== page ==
Not so long ago, kids used to dream of starting a band that would change the world. These days, that ambition sounds a little odd. The thing is, popular music doesn't change the world anymore. It hasn't for quite a while.
Of course, there was a time when pop music really did change the world. From the mid-1950s (Elvis) to the late 1970s (the Sex Pistols), music was the primary vehicle of a social revolution that transformed the consciousness and lifestyles of people in developed nations. By the end of the '70s, that social revolution was pretty much done. Today, pop music has reverted to role it played before it hitched itself to the mid-20th-century social revolution: it's just entertainment. Rihanna is great and everything, but world changing? Not so much.
Which leaves a question. What does a kid do today if she wants to change the world? The answer is pretty clear. She starts a technology company. Who is the Generation Y-er that has done most to change our world? It sure isn't Lady Gaga. But you could make a strong case for Mark Zuckerberg. The revolutionary force sweeping through our lives right now - changing the way we think and live - are the connective technologies: if you want to change the world, that's where the action is.
It's against this backdrop that we've seen the emergence of a lifestyle trend that's increasingly hard to ignore. These days, it's not just kids trying to change the world by starting a tech company. Everywhere you look, start-ups are springing into being. Sometimes, it seems every other friend, colleague, and second cousin is launching their own app, Kickstarting their peer-to-peer vegetable sharing business, or 3D-printing their revolutionary new design for a napkin holder. Truly, we are all entrepreneurs now.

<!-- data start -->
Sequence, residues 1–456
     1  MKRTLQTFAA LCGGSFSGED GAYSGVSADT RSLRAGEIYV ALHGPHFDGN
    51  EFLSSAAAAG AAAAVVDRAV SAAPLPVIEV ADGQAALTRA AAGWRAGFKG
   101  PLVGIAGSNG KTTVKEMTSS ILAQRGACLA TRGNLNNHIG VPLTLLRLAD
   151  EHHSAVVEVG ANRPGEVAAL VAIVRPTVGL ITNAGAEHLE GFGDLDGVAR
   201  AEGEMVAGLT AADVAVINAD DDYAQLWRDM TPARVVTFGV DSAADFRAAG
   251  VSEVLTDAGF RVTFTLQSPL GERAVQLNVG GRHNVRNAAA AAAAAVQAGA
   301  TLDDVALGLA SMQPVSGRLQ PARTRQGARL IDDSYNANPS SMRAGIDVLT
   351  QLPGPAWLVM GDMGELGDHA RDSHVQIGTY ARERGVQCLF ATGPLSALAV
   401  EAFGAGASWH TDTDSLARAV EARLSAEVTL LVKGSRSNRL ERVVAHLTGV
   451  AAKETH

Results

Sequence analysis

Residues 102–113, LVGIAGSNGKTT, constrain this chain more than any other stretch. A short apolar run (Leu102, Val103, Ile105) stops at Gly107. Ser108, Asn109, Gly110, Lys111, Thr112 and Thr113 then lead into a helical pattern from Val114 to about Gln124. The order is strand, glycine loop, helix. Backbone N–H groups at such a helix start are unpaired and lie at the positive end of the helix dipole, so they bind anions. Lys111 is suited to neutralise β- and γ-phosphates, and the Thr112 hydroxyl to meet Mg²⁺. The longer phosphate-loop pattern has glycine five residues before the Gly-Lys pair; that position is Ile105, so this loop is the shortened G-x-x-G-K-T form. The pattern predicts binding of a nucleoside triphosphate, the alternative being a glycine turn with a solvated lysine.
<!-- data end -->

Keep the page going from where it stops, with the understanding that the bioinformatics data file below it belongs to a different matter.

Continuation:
In March, Companies House in the UK reported that registration of new companies was at a record level, up 7% on last year (which was itself a record year). UK companies are now being registered at a rate of 41,000 a month. Meanwhile, big tech brands are queuing up to offer support to these legions of new entrepreneurs. Google Campus, opened last year in central London, offers two floors of workspace to budding start-ups.
Meanwhile, this year HUB Dubai will become the first Arab outpost of the worldwide HUB start-up programme, and will offer space for entrepreneurs to work and connect. The number of tech start-ups being launched each year in the UAE is set to double by 2015, according to research firm Frost & Sullivan.
The result of this start-up frenzy? Endless innovation, most of which will fail. But that's a good thing. It takes a ton of innovation, and a ton of failure, to get a few successes. And crucially, the barriers to entry have never been lower, meaning its possible to try to fail without it costing years of your life and sending you bankrupt.
So forget that novel you've always told yourself you'd write one day. Start working on your app idea, instead.
David Mattin is the lead strategist at trendwatching.com
For more trends, go to www.thenational.ae/trends